The following measurements and calculations were performed: peak LV pressure, LV end-diastolic pressure, LA end-diastolic pressure, peak positive and negative LV dP/dt and the time constant of LV isovolumetric pressure decay (tau). Tau was computed as the negative reciprocal of the linear regression of the natural logarithm of pressure versus time, and the LV end-diastole was determined at the time when the LV dP/dt commenced its rapid upstroke as previously reported (9). The cardiac output and the diastolic LV pressure-volume relation were determined from recordings of LV volume. The LV diastolic chamber stiffness constant was obtained by fitting the diastolic LV pressure-volume data to an exponential curve equation P = AekV, where P is LV pressure, the constant A is the y axis intercept, e is the base of the natural logarithm, k is the chamber stiffness constant, and V is LV volume. The LV end-diastolic operational chamber stiffness was estimated as the ratio of developed pressure to the absolute filling volume during LA contraction. The onset of atrial contraction was picked by LA dimensional change.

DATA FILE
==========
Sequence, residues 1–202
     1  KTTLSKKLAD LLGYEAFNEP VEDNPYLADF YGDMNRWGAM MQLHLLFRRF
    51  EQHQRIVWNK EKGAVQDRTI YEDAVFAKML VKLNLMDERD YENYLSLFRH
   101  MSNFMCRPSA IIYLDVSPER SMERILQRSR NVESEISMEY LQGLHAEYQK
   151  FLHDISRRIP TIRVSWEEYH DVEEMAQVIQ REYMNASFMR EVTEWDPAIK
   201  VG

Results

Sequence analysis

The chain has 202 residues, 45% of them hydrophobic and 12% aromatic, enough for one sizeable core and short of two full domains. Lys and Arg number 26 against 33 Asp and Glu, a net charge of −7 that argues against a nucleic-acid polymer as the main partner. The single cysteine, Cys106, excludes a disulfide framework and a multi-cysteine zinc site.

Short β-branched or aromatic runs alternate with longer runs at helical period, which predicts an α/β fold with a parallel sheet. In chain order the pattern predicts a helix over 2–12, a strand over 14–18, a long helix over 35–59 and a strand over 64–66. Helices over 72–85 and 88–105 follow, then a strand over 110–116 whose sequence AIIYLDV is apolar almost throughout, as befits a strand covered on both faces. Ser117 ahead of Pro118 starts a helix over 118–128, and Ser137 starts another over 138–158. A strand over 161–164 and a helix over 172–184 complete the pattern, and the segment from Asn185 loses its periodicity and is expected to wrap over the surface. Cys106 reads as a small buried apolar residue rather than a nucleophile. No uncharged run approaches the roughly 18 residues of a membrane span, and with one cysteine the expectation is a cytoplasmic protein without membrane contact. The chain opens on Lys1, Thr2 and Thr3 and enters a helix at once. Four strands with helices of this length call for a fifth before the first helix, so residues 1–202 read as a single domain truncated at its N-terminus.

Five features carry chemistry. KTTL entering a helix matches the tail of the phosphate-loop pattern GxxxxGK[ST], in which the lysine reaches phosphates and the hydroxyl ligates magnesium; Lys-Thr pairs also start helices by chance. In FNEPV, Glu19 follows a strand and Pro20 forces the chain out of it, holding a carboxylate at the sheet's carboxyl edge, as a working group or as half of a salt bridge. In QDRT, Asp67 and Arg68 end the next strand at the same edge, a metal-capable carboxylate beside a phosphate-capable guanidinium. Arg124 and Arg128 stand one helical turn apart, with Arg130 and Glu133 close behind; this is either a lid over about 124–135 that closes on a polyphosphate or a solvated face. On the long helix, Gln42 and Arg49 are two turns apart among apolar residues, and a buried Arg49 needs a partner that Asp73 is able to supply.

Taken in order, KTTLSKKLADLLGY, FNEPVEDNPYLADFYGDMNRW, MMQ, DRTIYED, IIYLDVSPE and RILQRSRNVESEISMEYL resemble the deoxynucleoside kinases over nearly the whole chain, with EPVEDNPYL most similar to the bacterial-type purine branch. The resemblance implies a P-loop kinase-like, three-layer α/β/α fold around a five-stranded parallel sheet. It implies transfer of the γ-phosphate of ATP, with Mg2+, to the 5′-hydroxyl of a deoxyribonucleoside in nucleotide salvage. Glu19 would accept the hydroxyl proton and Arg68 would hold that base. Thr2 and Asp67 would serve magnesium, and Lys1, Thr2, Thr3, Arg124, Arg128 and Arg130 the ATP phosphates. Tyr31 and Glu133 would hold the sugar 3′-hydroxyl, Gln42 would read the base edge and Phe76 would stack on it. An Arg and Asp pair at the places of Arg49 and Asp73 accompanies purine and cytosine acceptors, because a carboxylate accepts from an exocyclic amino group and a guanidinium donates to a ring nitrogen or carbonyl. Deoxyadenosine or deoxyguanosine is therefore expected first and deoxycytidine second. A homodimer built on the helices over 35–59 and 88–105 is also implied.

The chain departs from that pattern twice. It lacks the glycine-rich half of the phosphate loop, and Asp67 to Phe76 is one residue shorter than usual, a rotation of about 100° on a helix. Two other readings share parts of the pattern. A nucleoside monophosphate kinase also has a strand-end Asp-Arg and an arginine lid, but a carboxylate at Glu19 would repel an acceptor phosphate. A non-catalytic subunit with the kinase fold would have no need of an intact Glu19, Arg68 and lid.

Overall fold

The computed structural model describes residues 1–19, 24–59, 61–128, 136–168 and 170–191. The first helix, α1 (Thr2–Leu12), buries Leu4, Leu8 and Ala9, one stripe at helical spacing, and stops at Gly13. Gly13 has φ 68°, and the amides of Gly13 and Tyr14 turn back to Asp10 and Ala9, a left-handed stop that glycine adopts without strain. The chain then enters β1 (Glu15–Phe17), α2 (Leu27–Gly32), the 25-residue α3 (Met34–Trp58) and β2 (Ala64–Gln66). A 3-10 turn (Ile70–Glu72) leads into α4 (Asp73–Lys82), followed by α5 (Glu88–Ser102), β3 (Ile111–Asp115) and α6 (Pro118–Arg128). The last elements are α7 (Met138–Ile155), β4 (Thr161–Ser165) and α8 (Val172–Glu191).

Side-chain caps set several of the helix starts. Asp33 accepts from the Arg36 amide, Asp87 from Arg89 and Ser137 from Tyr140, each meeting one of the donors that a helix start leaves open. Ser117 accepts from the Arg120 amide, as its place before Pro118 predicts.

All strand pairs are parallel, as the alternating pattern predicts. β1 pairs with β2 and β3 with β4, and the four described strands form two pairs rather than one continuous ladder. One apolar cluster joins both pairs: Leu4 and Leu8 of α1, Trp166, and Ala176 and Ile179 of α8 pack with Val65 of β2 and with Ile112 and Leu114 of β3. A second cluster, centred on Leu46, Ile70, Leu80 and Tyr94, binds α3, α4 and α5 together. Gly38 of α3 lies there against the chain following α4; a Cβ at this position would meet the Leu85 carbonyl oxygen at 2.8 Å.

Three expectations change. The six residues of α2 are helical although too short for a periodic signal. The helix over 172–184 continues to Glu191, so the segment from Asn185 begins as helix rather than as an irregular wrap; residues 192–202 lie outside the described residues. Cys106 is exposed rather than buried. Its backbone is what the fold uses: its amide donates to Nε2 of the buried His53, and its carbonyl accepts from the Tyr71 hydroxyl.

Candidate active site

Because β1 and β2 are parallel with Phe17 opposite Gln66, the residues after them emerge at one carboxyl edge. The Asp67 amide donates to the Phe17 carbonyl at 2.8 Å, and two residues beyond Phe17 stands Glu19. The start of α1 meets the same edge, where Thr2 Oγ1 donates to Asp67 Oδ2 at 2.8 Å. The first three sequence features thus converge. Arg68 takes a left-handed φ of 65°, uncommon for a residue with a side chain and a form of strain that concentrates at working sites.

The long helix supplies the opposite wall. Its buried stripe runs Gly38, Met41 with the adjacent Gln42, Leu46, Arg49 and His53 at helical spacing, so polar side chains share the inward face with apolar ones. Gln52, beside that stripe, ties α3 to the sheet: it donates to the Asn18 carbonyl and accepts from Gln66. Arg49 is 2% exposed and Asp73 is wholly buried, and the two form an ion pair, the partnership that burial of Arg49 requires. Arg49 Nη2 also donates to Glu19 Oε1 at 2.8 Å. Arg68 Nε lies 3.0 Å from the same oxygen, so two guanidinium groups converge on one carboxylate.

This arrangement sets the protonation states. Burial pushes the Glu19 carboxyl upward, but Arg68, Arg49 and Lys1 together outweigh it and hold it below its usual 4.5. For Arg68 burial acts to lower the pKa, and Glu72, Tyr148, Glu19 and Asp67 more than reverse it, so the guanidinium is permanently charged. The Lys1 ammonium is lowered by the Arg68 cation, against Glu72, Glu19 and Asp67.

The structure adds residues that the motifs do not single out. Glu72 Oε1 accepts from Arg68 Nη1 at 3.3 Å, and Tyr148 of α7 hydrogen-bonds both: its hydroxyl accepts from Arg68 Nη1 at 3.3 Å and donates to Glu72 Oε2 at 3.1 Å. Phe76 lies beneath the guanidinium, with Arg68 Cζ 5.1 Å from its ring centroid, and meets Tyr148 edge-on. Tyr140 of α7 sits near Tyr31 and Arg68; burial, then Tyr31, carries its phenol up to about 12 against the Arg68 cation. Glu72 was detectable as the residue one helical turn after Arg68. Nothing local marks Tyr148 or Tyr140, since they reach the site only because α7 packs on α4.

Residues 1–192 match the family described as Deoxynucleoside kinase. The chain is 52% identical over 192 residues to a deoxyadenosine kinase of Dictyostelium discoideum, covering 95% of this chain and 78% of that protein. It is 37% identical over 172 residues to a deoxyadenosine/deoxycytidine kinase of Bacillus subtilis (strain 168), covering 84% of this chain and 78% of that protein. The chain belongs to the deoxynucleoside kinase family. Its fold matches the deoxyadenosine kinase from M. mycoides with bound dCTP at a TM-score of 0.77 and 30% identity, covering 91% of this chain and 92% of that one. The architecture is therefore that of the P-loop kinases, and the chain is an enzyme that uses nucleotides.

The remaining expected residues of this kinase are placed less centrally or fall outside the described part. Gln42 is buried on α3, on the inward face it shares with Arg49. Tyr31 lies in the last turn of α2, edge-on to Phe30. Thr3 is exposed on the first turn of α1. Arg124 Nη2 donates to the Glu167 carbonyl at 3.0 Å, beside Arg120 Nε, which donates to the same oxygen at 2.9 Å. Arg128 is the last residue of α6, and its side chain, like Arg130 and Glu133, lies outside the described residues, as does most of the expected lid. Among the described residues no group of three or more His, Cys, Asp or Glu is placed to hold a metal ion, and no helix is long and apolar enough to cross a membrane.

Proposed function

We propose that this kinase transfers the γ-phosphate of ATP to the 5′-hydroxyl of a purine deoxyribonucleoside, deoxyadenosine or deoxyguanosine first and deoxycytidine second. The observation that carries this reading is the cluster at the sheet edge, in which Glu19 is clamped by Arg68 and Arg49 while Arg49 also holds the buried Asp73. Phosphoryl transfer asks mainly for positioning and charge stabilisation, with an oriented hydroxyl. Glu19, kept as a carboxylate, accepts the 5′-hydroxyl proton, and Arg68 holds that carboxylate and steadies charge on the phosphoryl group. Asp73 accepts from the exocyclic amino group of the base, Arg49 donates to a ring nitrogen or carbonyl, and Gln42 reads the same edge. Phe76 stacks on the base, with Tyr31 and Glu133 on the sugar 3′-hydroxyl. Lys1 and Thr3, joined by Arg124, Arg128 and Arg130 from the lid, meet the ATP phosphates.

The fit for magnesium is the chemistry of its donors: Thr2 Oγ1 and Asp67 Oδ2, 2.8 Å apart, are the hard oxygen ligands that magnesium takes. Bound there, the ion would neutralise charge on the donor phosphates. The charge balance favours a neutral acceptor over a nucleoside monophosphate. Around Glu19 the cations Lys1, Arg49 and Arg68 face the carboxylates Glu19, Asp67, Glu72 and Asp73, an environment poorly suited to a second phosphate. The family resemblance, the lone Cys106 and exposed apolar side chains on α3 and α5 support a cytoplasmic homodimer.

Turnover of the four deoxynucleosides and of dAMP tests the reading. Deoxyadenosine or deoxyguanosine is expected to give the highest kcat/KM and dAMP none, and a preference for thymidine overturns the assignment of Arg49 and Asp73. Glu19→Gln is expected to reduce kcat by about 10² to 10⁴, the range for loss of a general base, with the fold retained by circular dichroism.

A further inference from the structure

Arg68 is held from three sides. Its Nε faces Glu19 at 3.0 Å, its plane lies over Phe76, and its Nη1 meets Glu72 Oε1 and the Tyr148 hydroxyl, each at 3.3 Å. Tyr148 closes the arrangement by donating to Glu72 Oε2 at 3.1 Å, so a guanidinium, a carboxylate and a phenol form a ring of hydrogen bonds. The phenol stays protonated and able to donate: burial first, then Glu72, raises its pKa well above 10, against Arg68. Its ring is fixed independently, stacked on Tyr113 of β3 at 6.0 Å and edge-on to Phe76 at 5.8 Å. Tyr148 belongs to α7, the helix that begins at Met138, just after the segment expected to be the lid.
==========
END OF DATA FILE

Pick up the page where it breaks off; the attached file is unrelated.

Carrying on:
The LA diameter before atrial contraction and the percent of LA systolic shortening were determined from the LA dimension. The percent of LA systolic shortening was calculated as the ratio of the change in the LA diameter during LA contraction to the LA diameter at the beginning of LA contraction.
The following measurements were obtained from the transmitral flow recordings: early diastolic peak flow velocity (E), late diastolic peak flow velocity (A), time-velocity integral of E and A and the ratio of E to A (E/A). In addition, peak (minimum) PV flow volumes during LA contraction were obtained. In experimental open-chest dogs, different from clinical findings, the PV flow during LA contraction usually moves into the LA and is not ejected from the LA backward into the PVs (10). When the backward flow volume occurred during LA contraction, it was represented by a negative value in our data process.